Respect for Human Rights Important for All -- Kenney

Manila Bulletin, November 7, 2007 | Go to article overview

Respect for Human Rights Important for All -- Kenney


Byline: Dexter A. See

BAGUIO CITY -- The care for human rights is important for everyone and the best that governments could do is to work together towards instilling in their people the value of respect for human rights, United States Ambassador Kristie A. Kenney said here Tuesday.

Kenney said that the Philippine government has very good plans in dealing with the highly publicized extrajudicial killings that have been going on for the past several decades. And the Americans are trying to help the government realize its good plans to put an end to the brewing issue on the unsettled extrajudicial killings that have hounded the Arroyo administration for the past several years, she said.

Among the assistance that will be provided by the US government to the Philippines is the sufficient training of law enforcers and prosecutors in dealing with the unexplained killings which still remain an advocacy of the civil society.

The US government will also be providing support to non-government organization (NGO) work on strengthening human rights advocacy and boosting the capabilities of the Commission on Human Rights (CHR), Kenney told reporters.

"People always worry about unexplained killings. Murder is never a good thing anywhere, thus, it needs to be thoroughly investigated," she added.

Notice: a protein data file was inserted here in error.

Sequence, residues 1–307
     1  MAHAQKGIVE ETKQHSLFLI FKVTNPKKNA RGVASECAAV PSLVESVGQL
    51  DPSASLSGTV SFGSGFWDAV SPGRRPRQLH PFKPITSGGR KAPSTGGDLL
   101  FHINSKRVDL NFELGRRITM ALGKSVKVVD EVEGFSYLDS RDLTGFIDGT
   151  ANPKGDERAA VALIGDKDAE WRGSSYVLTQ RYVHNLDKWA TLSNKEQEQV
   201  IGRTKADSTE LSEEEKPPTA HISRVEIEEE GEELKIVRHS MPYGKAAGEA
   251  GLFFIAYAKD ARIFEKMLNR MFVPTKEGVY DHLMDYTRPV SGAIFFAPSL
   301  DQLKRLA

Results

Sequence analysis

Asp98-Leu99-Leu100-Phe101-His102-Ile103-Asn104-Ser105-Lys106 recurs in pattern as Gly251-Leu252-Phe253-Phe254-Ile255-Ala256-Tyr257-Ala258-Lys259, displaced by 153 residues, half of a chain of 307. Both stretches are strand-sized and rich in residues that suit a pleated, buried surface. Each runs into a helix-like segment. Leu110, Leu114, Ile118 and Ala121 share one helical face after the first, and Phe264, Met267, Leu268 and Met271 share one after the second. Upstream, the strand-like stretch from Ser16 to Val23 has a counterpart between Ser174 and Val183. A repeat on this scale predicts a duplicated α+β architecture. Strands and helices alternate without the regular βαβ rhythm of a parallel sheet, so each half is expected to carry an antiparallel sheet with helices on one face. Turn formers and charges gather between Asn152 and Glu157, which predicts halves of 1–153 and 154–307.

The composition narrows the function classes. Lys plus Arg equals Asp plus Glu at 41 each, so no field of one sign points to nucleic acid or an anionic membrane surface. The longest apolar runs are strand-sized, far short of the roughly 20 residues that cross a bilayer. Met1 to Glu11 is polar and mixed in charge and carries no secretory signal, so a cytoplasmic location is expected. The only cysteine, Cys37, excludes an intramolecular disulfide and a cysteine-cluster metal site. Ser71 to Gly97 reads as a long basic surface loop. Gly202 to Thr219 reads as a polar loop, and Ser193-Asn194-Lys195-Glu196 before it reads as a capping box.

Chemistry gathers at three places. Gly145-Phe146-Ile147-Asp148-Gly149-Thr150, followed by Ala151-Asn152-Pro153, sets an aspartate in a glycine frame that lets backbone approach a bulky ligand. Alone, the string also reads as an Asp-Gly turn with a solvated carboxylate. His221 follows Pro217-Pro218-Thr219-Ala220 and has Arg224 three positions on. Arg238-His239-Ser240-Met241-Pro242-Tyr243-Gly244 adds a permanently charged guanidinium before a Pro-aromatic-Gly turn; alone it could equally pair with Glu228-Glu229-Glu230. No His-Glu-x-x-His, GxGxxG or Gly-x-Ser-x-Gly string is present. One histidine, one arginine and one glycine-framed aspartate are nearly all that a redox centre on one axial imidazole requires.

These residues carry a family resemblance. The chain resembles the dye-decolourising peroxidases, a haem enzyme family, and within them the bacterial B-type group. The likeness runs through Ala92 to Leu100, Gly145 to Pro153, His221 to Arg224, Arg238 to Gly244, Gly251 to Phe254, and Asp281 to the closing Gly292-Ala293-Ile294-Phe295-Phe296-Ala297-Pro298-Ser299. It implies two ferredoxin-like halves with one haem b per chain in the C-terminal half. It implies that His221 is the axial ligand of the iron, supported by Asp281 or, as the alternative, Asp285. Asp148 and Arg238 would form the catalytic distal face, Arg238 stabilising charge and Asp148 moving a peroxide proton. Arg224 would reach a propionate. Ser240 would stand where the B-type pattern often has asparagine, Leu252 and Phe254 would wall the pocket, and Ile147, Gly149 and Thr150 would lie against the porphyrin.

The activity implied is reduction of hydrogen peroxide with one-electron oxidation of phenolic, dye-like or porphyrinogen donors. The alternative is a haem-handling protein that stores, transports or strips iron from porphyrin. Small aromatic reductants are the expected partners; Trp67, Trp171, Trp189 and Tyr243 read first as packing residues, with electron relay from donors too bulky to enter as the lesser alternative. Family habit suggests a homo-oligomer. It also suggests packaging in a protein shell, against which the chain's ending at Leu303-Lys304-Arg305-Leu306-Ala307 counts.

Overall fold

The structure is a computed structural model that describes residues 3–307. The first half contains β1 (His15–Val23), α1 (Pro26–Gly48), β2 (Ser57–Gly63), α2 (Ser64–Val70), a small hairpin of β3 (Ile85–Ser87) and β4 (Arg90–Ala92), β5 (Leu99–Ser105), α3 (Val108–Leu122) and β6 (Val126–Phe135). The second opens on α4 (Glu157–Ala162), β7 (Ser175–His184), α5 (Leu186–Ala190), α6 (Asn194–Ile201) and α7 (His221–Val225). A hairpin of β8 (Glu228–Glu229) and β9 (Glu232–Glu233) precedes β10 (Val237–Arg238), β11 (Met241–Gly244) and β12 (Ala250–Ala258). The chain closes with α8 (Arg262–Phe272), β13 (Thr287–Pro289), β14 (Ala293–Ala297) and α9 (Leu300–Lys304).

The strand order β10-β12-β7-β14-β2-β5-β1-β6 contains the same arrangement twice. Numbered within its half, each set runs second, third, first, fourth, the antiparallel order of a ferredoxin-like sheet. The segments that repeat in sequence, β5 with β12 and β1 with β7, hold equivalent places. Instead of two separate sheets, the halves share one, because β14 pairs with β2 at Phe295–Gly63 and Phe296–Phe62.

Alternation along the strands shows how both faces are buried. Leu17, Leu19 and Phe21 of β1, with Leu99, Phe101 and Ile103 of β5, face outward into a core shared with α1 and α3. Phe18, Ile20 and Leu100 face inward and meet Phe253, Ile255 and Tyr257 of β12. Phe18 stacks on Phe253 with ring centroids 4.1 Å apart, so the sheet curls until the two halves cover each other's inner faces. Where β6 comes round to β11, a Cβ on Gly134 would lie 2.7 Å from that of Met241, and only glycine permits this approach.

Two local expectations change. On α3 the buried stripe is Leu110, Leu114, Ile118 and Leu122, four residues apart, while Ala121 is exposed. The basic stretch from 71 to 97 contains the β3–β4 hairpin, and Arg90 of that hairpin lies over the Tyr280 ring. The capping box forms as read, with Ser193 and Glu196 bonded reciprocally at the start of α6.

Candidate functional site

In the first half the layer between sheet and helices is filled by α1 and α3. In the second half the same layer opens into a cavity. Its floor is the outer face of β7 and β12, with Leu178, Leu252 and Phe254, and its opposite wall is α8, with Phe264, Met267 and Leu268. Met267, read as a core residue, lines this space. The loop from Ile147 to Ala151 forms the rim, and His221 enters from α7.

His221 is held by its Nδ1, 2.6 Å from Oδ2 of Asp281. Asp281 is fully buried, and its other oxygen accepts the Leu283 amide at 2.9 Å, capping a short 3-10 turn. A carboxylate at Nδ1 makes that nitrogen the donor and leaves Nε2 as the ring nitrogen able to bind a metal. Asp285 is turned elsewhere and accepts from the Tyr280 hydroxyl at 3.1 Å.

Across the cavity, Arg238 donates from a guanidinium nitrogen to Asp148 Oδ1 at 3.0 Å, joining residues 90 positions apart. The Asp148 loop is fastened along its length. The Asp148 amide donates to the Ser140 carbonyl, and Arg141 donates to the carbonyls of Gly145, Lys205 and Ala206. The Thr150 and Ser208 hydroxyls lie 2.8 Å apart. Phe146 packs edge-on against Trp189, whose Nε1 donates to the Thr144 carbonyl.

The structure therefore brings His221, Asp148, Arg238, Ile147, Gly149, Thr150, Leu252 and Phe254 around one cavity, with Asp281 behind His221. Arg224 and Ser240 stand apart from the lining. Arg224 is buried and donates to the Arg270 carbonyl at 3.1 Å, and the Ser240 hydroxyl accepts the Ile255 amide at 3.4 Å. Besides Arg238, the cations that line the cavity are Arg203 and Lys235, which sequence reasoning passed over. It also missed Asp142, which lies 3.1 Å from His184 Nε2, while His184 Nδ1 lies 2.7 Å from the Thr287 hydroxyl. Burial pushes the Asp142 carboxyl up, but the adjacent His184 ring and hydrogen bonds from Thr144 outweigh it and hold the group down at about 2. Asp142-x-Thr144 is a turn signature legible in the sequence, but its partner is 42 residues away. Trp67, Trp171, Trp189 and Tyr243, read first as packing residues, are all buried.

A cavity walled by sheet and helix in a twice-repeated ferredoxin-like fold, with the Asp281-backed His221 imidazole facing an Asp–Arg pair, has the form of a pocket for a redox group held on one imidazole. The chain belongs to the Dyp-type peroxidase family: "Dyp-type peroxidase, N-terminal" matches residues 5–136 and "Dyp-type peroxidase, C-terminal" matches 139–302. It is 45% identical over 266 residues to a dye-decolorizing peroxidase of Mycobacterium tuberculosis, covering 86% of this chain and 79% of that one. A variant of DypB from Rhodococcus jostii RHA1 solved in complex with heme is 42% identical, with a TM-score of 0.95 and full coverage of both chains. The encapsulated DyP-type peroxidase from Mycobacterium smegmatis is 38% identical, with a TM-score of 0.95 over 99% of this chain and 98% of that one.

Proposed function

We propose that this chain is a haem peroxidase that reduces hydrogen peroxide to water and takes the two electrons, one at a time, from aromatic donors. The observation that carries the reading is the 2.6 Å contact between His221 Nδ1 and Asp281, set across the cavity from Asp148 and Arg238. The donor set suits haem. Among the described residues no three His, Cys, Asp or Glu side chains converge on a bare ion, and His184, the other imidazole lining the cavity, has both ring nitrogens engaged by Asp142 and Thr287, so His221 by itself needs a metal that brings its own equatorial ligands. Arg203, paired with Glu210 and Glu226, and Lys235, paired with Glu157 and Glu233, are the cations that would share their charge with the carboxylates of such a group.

According to Kenney, the media must fairly report on the developments of extrajudicial killings so that the people will be aware on the importance of respect for human rights, a sensitive issue that is true to almost all governments in the global village.

Based on the records of militant groups, there are at least 800 victims of alleged extrajudicial killings and unforced disappearances of left-leaning individuals during the incumbency of President Arroyo.

The relatives of the victims of unexplained killings are still longing for justice for the death or disappearance of their kin. However, the US ambassador emphasized that the US, being a friend to the Philippines, is doing all possible efforts to provide the needed assistance that could put an end to the sensitive issue.

She said the US Congress cares for the respect of human rights and so does the Philippines. The important thing is for both governments to work together and establish the needed baseline to instill awareness in both Americans and Filipinos the importance of respecting human rights and right to life for individuals.

Meanwhile, the National Council of Churches in the Philippines (NCCP) yesterday welcomed the move of the United States Senate to impose human rights conditions before giving additional military aid to the Philippines.

"This is a significant step in attaining justice for the kith and kin of victims of extrajudicial killings, unforced disappearances and other human rights violations perpetrated by state security forces," Sharon Rose Duremdes, NCCP general secretary said.

The NCCP, however, believes the move was due to the efforts of the Ecumenical Voice for Peace and Human Rights in the Philippines, the delegation of church leaders, human rights defenders and civil libertarians who presented the human rights situation in the country before churches and government bodies in the US, Canada, and Switzerland last March, 2007. (with a report by Leslie Ann G. Aquino)

***

Malacanang notes rise in US military assistance to $ 30 M

David Cagahastian

Malacanang yesterday conceded that a part of United States military assistance has been tied to the government's compliance with human rights, but noted the rise in US military assistance from $ 11 million to $ 30 million represents the trust of the US in the government's human rights record.

Press Secretary and Presidential Spokesman Ignacio Bunye said there is nothing new in the conditions set by the US Senate on the disbursement of an additional $ 2 million in military assistance. …

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